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In this photograph taken on December 17, 2014 young Afghan girls weave a carpet at a carpet manufacturer in Herat. Some 42,500 women and their families are involved in the project which aims to provide a means of subsistence and potentially lead to international market access for silk producers in the country.

Expanding trade and marginalizing violent extremism

Central Asia Aids Afghanistan

July 2013, Number 04.03

“With a throaty whistle and flash of fresh blue paint, a diesel locomotive tugging a train of box and tanker cars rolls through a railway station in northern Afghanistan’s Balkh province. The 75-kilometer stretch of track from the Uzbek border to Mazar-e Sharif that opened in 2012, the first international railway in the nation’s history, could be the start of a transportation revolution that helps solidify Afghanistan as a trade and communications hub. “This connects Afghanistan to the world,” an 18-year-old high school student named Shakrullah told CNN at a demonstration of the new railroad. “I want trains for all the provinces of Afghanistan, not just for Balkh province.”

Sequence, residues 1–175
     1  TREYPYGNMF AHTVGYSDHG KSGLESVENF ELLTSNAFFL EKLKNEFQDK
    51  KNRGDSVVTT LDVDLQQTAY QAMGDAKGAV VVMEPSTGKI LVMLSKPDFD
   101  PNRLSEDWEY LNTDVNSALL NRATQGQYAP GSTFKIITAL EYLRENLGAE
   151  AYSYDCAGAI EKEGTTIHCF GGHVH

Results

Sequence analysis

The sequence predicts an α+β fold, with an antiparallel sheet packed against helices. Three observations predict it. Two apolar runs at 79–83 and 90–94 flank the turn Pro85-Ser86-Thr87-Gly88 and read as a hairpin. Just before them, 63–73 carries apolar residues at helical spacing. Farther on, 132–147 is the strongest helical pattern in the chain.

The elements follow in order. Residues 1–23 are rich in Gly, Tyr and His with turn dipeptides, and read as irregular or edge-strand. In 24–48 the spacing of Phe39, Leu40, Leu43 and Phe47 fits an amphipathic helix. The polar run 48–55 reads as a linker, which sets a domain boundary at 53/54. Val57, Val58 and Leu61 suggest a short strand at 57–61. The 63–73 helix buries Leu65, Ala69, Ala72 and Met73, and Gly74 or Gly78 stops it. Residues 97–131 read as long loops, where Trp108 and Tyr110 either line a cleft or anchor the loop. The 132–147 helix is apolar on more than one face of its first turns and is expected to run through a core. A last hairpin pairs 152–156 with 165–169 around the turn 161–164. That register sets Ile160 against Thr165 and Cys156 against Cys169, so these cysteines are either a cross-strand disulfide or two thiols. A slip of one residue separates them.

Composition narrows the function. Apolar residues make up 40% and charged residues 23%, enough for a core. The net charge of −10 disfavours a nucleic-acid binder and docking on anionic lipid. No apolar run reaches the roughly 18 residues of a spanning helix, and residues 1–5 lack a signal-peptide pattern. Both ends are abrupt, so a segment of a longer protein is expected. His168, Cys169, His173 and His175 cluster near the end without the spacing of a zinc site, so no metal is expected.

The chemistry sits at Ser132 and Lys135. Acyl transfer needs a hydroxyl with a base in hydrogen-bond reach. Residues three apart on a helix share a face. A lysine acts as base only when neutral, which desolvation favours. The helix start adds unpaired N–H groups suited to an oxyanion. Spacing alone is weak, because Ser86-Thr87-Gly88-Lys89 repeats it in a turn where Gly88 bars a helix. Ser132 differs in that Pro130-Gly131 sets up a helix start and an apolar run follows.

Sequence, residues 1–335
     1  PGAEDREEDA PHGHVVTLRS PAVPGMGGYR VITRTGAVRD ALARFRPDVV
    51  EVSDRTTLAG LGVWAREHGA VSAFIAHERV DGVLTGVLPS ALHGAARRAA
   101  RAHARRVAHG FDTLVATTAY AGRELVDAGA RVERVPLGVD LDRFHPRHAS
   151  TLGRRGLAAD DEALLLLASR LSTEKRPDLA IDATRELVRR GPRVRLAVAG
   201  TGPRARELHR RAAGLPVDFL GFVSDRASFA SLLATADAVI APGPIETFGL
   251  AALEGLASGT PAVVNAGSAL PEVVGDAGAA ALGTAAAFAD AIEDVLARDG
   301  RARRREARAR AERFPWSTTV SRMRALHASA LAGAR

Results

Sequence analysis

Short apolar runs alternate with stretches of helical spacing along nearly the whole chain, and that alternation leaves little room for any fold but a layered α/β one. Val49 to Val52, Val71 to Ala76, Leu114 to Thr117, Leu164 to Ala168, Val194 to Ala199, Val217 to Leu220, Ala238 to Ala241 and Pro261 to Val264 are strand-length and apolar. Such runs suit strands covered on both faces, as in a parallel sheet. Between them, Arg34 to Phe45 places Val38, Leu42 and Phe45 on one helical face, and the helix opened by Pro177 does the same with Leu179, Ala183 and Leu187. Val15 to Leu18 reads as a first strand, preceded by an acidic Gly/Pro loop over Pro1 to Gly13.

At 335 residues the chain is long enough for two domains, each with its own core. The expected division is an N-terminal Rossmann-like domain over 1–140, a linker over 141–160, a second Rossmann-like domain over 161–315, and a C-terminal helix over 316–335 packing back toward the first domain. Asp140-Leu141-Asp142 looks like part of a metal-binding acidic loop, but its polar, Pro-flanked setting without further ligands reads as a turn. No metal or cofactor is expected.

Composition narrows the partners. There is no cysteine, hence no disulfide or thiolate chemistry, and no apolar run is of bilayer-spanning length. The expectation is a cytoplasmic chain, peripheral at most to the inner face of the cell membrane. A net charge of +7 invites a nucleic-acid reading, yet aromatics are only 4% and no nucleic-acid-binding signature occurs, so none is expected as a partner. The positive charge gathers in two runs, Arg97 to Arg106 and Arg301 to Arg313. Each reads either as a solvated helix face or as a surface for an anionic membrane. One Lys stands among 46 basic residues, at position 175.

The $165 million railroad, part of a 2,000-kilometer network proposed by the Central Asia Regional Economic Cooperation Program, could not have happened without the support of Uzbekistan. Stability in Afghanistan is something the Uzbeks view favorably, an attitude shared by the other nations of Central Asia, all of which are playing a role in their neighbor’s recovery from more than 30 years of conflict...”

Excerpt from per Concordiam Staff, “Central Asia Aids Afghanistan,” per Concordiam: Journal of European Security Defense Issues  4, No. 3, 2013: 34-39.

This article reflects the views of the author and are not necessarily the official policy of the United States, Germany, or any other governments.